Sixteen volumes. 32mo. Tastefully bound. Price, per volume, $1.00

A neat English Bible, with gilt clasp, and gilt edges. Price $1.00

Book of Common Prayer, with gilt clasps and gilt edges. Price 1.00

Whittier's Poetical Works. Complete. Fully Illustrated. 8vo. Paper. Price 1.00

Tennyson's Poetical Works. Complete. Fully illustrated. 8vo. Paper. Price 1.00

Longfellow's Poems. Complete. Fully Illustrated. 8vo. Paper 1.00

These inexpensive editions of the most popular living poets, are tasteful, excellently printed, and well illustrated.

Diamond Editions of the following Poets. Price, per volume 1.00


Dickens's Works.—Any one of the popular Household Edition. Paper. 8vo. Price per vol. 1.00

* * * * *

Besides giving the above as premiums, we offer them for sale, postpaid, at the prices named.

Every Woman her own Flower Gardener. By Daisy EYEBRIGHT (Mrs. S. O. Johnson). A delightful little Treatise on Out-door Gardening for Ladies—practical, timely, charmingly written. Contains valuable information about Pansies, Roses, Geraniums, Climbing Plants, Annuals, Perennials, Fuchsias, Ribbon Beds, &c. Printed in excellent taste. Bound in cloth. Price $1.00

We will give as a Premium for two Subscriptions, at 1.60 each, any book the price of which does not exceed One Dollar. It may be selected from any publisher's catalogue.

* * * * *


Alphabet and Building Blocks.—Containing Roman Alphabets—large and small letters—Numerals and Animals—Painted Blocks. Price 1.00

Crandall's Alphabet-Blocks.—RED, WHITE, and BLUE. Water-proof. All children are pleased with them. Price 1.00

Combination Toy-Blocks; IRREGULAR SHAPES.—These Blocks are made up of geometrical figures, cut with mathematical precision from fine maple wood. They are very instructive, and are often used in schools for drawing exercises and geometrical illustrations. They will make finished architectural designs, such as churches, forts, monuments, boats, &c.; also every letter of the alphabet. Mode of using simple and easy. Put up in cherry boxes with sliding covers, fine label, and illustrated book of directions. Price 1.00

One Hundred Funny Fellows.—LARGE SHOWY CUBES.—When matched together, make a hundred comical figures. Printed in colors. Price 1.00

A Checker-Board and Checkers. Price 1.00

A Microscope.—For examining insects, flowers, etc. Price 1.00

* * * * *

Besides giving the above as premiums, we offer them for sale, postpaid, at the prices named.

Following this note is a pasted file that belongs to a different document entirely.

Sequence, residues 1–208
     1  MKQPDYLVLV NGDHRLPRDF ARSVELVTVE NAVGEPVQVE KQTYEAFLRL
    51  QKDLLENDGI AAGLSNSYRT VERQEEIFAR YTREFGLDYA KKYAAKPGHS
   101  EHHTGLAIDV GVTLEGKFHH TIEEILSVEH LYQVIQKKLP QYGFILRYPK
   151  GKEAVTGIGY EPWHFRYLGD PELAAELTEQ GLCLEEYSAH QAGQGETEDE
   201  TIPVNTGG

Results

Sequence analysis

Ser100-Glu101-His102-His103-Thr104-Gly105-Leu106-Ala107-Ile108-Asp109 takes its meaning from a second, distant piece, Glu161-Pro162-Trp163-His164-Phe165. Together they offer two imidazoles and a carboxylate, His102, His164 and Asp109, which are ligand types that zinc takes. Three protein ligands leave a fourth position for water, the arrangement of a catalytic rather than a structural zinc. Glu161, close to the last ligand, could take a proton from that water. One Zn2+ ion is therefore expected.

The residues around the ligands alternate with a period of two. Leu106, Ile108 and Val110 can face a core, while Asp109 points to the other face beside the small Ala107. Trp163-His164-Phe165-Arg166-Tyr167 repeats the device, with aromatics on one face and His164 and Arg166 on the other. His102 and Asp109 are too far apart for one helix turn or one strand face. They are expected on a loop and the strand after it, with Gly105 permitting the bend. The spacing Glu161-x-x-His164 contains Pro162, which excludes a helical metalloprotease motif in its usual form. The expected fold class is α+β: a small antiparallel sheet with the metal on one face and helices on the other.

Ladies' Shawl Strap.—With two long straps, handle, and bar. Price 1.00

Child's Table Set.—Consisting of Knife, Fork, and Spoon. Price 1.00

A Pocket Compass.—Accurate.—Watch pattern. Price 1.00

Dissected Map Of the United States.—Printed in colors, judiciously arranged so as to bring out prominently the different states. Price 1.00

This game is so simple that any child who can read may learn to play it. It is not simply a game of chance, but in every move there is an opportunity for the exercise of the judgment. The accompanying cut represents the game board. Two, three, or four can play, and each player is represented by one counter, or man, which is entered at infancy, and by various means regulated by the throw of a tetotum, or die, passes through school, college, industry, success, perseverance, etc., to wealth or happy old age; or through idleness, intemperance, gambling, crime, etc., to disgrace, poverty, ruin, suicide, or prison. Price 1.00

A small Rubber Pencil Case.—Gold-tipped. Price Price 1.00

A small Writing-Desk.—Embossed cloth; made to contain paper, envelopes, etc. Price 1.00

A Patent Pocket Tool-Holder.—It is made of hard Maple. In it are neatly packed 20 cast steel tools. It can be carried in the pocket, and yet the tools it contains are so many and so varied, and of such convenient size, as to make it almost a necessity to any boy or to any family. Price 1.00

A Pocket Knife.—Two blades. Nice English steel. Very neat. Price 1.00

A nice Morocco Portmonnaie.—Made of the best materials. New pattern. Price 1.00

A Butter Knife.—Silver-plated. Extra quality. Price 1.00

A Sugar-Shell.—Extra quality. Silver-plated. A handsome pattern. Price 1.00

A Gold-Plated Pencil.—Price 1.00

A neat Portfolio.—Beautifully embossed, well made, with four pockets, and blotting-paper, lock and key. Price 1.00

* * * * *

Besides giving the above as premiums, we offer them for sale, postpaid, at the prices named.

The Florence Steel Skate.—The runners are of highly tempered steel castings. Metal sole and heel plates. Very strong and durable.

Price $1.00